Human glucose 6-phosphate dehydrogenase, purified after overexpression in E. coli, was shown to contain one molecule/subunit of acid-extractable "structural" NADP+ and no NADPH. This tightly bound NADP+ was reduced by G6P, presumably following migration to the catalytic site. Gel-filtration yielded apoenzyme, devoid of bound NADP+ but, surprisingly, still fully active. Mr of the main component of "stripped" enzyme by gel filtration was approximately 100,000, suggesting a dimeric apoenzyme (subunit Mr = 59,000). Holoenzyme also contained tetramer molecules and, at high protein concentration, a dynamic equilibrium gave an apparent intermediate Mr of 150 kDa. Fluorescence titration of the stripped enzyme gave the K d for structural NADP+ as 37 nM, 200-fold lower than for "catalytic" NADP+. Structural NADP+ quenches 91% of protein fluorescence. At 37 degrees C, stripped enzyme, much less stable than holoenzyme, inactivated irreversibly within 2 d. Inactivation at 4 degrees C was partially reversed at room temperature, especially with added NADP+. Apoenzyme was immediately active, without any visible lag, in rapid-reaction studies. Human G6PD thus forms active dimer without structural NADP+. Apparently, the true role of the second, tightly bound NADP+ is to secure long-term stability. This fits the clinical pattern, G6PD deficiency affecting the long-lived non-nucleate erythrocyte. The Kd values for two class I mutants, G488S and G488V, were 273 nM and 480 nM, respectively (seven- and 13-fold elevated), matching the structural prediction of weakened structural NADP+ binding, which would explain decreased stability and consequent disease. Preparation of native apoenzyme and measurement of Kd constant for structural NADP+ will now allow quantitative assessment of this defect in clinical G6PD mutations.

  12. Identification and Characterization of the Glucose-6-Phosphate Dehydrogenase Gene Family in the Para Rubber Tree, Hevea brasiliensis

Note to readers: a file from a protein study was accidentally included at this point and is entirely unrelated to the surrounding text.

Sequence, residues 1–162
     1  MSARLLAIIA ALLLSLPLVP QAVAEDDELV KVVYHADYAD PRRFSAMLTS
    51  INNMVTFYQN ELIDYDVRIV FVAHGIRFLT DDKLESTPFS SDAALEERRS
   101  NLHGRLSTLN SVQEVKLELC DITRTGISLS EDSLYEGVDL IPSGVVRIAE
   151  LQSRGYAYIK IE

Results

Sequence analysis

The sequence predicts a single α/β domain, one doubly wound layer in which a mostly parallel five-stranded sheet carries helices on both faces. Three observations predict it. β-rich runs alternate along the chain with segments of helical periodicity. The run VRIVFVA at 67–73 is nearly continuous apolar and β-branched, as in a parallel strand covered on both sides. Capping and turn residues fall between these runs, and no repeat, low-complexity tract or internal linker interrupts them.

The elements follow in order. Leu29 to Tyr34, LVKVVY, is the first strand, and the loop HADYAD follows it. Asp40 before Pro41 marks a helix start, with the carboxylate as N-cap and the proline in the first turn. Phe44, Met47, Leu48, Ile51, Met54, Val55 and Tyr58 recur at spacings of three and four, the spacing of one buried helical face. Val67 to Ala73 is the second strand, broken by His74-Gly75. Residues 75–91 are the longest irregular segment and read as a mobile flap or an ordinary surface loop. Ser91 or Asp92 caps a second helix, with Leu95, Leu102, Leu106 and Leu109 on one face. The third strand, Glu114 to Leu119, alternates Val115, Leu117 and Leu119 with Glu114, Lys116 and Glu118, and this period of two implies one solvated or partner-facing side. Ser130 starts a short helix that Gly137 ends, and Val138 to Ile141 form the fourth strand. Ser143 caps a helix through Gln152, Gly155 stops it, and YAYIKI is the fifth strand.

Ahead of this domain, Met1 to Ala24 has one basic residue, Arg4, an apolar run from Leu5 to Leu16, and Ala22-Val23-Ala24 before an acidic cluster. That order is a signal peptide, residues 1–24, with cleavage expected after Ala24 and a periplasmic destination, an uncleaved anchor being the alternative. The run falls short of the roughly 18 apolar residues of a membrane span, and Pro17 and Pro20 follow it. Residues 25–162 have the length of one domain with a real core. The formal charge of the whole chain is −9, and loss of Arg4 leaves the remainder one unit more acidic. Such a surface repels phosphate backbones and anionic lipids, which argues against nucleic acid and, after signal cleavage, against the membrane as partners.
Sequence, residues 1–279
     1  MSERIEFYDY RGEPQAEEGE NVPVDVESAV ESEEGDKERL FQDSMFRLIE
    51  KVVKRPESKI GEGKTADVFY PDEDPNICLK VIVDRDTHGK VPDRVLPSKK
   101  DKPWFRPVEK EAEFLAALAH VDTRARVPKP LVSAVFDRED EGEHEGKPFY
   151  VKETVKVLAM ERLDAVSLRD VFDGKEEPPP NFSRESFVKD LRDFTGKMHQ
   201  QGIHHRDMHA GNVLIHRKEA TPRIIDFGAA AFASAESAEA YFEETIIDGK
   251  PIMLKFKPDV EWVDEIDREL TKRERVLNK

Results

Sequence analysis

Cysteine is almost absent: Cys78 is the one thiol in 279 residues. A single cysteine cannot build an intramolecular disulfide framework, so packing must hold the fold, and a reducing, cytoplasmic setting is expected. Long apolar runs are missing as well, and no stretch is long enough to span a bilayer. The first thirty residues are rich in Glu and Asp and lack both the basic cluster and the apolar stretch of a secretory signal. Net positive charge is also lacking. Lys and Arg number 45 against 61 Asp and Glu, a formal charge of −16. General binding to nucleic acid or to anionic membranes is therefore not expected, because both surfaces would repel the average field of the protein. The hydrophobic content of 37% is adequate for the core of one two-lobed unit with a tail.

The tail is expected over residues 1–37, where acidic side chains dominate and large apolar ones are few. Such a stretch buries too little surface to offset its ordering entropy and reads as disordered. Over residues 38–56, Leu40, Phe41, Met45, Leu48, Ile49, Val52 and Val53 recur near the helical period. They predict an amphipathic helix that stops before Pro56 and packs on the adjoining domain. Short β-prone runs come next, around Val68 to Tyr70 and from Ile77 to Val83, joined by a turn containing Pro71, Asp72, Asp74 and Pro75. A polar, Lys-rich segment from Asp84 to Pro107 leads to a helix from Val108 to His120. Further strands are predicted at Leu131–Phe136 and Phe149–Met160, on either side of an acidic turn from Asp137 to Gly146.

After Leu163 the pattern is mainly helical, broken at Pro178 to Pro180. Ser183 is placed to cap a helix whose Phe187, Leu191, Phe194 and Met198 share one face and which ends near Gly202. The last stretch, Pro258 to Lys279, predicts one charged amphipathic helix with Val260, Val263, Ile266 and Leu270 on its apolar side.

PubMed Central

    Long, Xiangyu; He, Bin; Fang, Yongjun; Tang, Chaorong

    2016-01-01

    As a key enzyme in the pentose phosphate pathway (PPP), glucose-6-phosphate dehydrogenase (G6PDH) provides nicotinamide adenine dinucleotide phosphate (NADPH) and intermediary metabolites for rubber biosynthesis, and plays an important role in plant development and stress responses. In this study, four Hevea brasiliensis (Para rubber tree) G6PDH genes (HbG6PDH1 to 4) were identified and cloned using a genome-wide scanning approach. All four HbG6PDH genes encode functional G6PDH enzymes as shown by heterologous expression in E. coli. Phylogeny analysis and subcellular localization prediction show that HbG6PDH3 is a cytosolic isoform, while the other three genes (HbG6PDH1, 2 and 4) are plastidic isoforms. The subcellular locations of HbG6PDH3 and 4, two latex-abundant isoforms were further verified by transient expression in rice protoplasts. Enzyme activity assay and expression analysis showed HbG6PDH3 and 4 were implicated in PPP during latex regeneration, and to influence rubber production positively in rubber tree. The cytosolic HbG6PDH3 is a predominant isoform in latex, implying a principal role for this isoform in controlling carbon flow and NADPH production in the PPP during latex regeneration. The expression pattern of plastidic HbG6PDH4 correlates well with the degree of tapping panel dryness, a physiological disorder that stops the flow of latex from affected rubber trees. In addition, the four HbG6PDHs responded to temperature and drought stresses in root, bark, and leaves, implicating their roles in maintaining redox balance and defending against oxidative stress. PMID:26941770

  13. Autosomal Factors with Correlated Effects on the Activities of the Glucose 6-Phosphate and 6-Phosphogluconate Dehydrogenases in DROSOPHILA MELANOGASTER

    PubMed Central

    Laurie-Ahlberg, C. C.; Williamson, J. H.; Cochrane, B. J.; Wilton, A. N.; Chasalow, F. I.

    1981-01-01